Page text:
The Great Sub Race
So what exactly is the point of a human-powered submarine?
If you are easily distracted, this is one vehicle you don’t want to drive.
You are floating ten feet under in a dim vast tank that is lit from below by a few bright runway lights and lined by Navy divers ready to rescue you. The sub is so narrow that you did not get in it so much as put it on. You are lying down, with your hands on the controls that “fly” the sub and your feet on the pedals that drive its propeller. You are ready to kick off a furious 15-second explosion of energy that would intimidate most trained cyclists and will leave you gasping for breath.
Oh, and did we mention that the sub is open to the water, so you’re breathing via scuba?
This is the high-tech, higher-effort world of human-powered submarine racing. And it will draw 19 crews to a U.S. Navy research facility outside Washington, DC this weekend.
And Sub It Goes
The first International Sub Race, open to one- or two-person “wet” human-powered subs, took place in 1989 in the waters off Riviera Beach, FL. Held every other year, the event gathered 44 contestants to Fort Lauderdale in 1993 when a storm blew in and started making logistics very, very expensive.
“The manpower and resources required to be on the ocean are immense,” explains race organizer Nancy Hussey, director of the Foundation for Underwater Research and Education in Williamsburg, VA. “We couldn’t afford the huge cadre of boats, jetskis, divers and people on the beach.”
Fortunately, for the next round in 1995 the Navy offered up its giant test basin at the Naval Surface Warfare Center in Bethesda, MD, which has hosted the event ever since. Speed trials are run for 10 and 100 meters in the narrow three-kilometer-long tank, with a rigorous adherence to safety procedures in which those Navy divers are the last resort.
Most entries at the all-volunteer event are from college engineering teams. Each sub is built from scratch. The subs show slick hull designs, esoteric materials, cleverly customized propulsion systems and other innovative thinking. But their payoff is not commercial spinoffs but the hands-on experience students get in building and running underwater craft.
The payoff for the Navy and the race’s commercial sponsors is similarly straightforward: “These are the cream of U.S. students who will be next year’s employees,” says Dan Dozier, Navy liaison for the event.
Blood, Sweat and Teardrops
In the last underwater war in 1997, the University of Quebec’s one-person OMER 3 was champion. It hit a record speed of just under 13 kilometers an hour (about seven nautical miles per hour)-almost twice as fast as Olympic freestyle swimmers.
The OMER team will defend the title with OMER 4, a state-of-the-art one-person craft built out of carbon fiber and other esoteric materials. The smooth 3.7-meter hull is shaped like a long narrow teardrop and should offer less drag than its predecessor, says Simon Joncas, who led the 1997 team and is now faculty advisor. OMER 4’s high-aspect propeller automatically changes its pitch (angle of attack) as speed increases, tweaked by a small battery.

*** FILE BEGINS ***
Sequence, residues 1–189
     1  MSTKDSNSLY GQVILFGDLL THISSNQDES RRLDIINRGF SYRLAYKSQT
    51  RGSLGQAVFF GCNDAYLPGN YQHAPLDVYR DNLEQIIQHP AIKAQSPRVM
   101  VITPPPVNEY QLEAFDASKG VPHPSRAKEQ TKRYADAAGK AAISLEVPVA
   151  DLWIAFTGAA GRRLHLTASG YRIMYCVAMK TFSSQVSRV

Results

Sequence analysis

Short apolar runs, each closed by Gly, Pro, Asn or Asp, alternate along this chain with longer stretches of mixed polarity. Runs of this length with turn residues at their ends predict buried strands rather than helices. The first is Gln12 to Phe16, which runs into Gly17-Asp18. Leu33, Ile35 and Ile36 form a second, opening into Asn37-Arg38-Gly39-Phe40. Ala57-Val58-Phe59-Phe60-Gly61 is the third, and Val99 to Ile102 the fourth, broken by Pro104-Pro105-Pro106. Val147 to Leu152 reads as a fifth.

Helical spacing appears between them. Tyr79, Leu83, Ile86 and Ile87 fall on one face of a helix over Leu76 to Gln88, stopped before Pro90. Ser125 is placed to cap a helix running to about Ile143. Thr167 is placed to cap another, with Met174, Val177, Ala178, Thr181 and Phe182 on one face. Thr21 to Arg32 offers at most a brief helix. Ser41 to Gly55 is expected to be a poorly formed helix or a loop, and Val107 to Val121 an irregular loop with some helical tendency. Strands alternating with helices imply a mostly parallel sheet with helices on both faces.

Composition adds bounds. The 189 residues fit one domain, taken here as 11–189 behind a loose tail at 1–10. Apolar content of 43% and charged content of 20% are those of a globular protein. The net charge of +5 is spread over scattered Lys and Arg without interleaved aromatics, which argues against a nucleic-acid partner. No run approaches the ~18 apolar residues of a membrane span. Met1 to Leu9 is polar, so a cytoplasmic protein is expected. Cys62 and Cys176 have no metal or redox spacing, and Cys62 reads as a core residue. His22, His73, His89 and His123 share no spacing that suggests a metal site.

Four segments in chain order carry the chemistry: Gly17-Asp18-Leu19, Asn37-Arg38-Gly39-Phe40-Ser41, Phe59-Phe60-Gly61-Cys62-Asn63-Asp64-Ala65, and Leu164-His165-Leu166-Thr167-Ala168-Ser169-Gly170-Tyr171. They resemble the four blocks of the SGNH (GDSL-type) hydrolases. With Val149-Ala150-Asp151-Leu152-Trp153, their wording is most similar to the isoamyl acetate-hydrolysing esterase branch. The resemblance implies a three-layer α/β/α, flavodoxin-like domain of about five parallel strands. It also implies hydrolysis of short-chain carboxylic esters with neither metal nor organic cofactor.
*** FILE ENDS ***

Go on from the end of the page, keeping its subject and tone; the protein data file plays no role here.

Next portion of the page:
OMER doesn’t slack on the human element either. Its 15-member crew includes a champion cyclist as lead pilot, and a cook. (There are no nearby restaurants, Joncas explains, and a steady supply of good food keeps everyone well-fueled-especially crucial for the all-critical time in the tank.)
At the other end of the scale, Scuba-Doo is the vision of one high-school student, Logan Rainard, and his mentor Ed Leibolt, a Navy engineer. “Since January, I have been spending every spare minute of my life working on the sub, and Logan’s been spending more,” Leibolt says. “Our budget was non-existent-everything was done in the garage or the back of my pickup truck.” But Scuba-Doo has already run speed trials in the giant tank and done quite well.
Tune Up That Tuna
While propeller-driven subs rule in speed, the race also encourages non-propeller entries.
This year, for example, the Merchant Marine Academy plans to bring a sub that mimics the swimming behavior of a bluefin tuna. Two-thirds of the craft acts as a tail, with cables pulling the tail into an arc.
“We’ve had a couple of other flappers, but they haven’t worked too well,” comments race director Jerry Rovner. “One team even tried jet propulsion,” shooting water behind it.
This Reality Ain’t Virtual
Race veterans speak wistfully of returning to the sea, perhaps with a smaller group of subs that do well in the tank, if they can find sponsorship.
But for now, many of the subs get plenty of real-world experience while suffering through their early shakedowns in lakes.
The race itself provides plenty of challenge even in the highly controlled test basin. With crews madly flailing away, it’s not uncommon for subs to roll, plunge wildly up or down, or crash into the side of the tank. “If we hit a wall, it’s all over,” says OMER’s Joncas.
For some students, the race brings a sea change. “Kids often say, ‘I’ve learned more in a week of racing than I’ve learned in the classroom in the past four years,’” says Rovner.